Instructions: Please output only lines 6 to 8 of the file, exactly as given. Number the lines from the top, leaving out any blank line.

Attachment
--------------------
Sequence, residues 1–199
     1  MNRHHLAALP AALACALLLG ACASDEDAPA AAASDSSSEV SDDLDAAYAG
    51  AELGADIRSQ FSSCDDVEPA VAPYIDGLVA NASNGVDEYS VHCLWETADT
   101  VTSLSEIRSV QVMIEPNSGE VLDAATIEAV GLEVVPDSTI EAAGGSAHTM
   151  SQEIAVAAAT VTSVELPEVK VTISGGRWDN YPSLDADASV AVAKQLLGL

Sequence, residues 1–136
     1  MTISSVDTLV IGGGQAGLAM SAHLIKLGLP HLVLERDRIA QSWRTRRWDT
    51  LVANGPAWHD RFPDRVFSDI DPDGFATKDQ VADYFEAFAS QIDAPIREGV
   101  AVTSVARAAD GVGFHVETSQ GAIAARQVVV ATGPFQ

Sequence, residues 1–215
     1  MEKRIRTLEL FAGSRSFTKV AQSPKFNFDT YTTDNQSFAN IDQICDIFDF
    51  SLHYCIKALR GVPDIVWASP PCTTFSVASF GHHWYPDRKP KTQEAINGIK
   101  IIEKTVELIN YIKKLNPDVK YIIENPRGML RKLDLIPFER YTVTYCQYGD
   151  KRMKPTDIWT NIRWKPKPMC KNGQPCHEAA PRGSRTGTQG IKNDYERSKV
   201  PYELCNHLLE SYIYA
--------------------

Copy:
Sequence, residues 1–136
     1  MTISSVDTLV IGGGQAGLAM SAHLIKLGLP HLVLERDRIA QSWRTRRWDT
    51  LVANGPAWHD RFPDRVFSDI DPDGFATKDQ VADYFEAFAS QIDAPIREGV